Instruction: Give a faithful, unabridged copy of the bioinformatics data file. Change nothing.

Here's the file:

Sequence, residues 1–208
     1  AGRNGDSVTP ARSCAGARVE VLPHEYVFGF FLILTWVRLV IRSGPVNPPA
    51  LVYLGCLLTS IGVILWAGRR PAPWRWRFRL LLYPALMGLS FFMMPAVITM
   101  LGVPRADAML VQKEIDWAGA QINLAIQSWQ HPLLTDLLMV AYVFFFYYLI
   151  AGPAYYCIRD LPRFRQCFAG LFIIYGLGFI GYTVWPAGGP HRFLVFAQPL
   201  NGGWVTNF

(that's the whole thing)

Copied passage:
Sequence, residues 1–208
     1  AGRNGDSVTP ARSCAGARVE VLPHEYVFGF FLILTWVRLV IRSGPVNPPA
    51  LVYLGCLLTS IGVILWAGRR PAPWRWRFRL LLYPALMGLS FFMMPAVITM
   101  LGVPRADAML VQKEIDWAGA QINLAIQSWQ HPLLTDLLMV AYVFFFYYLI
   151  AGPAYYCIRD LPRFRQCFAG LFIIYGLGFI GYTVWPAGGP HRFLVFAQPL
   201  NGGWVTNF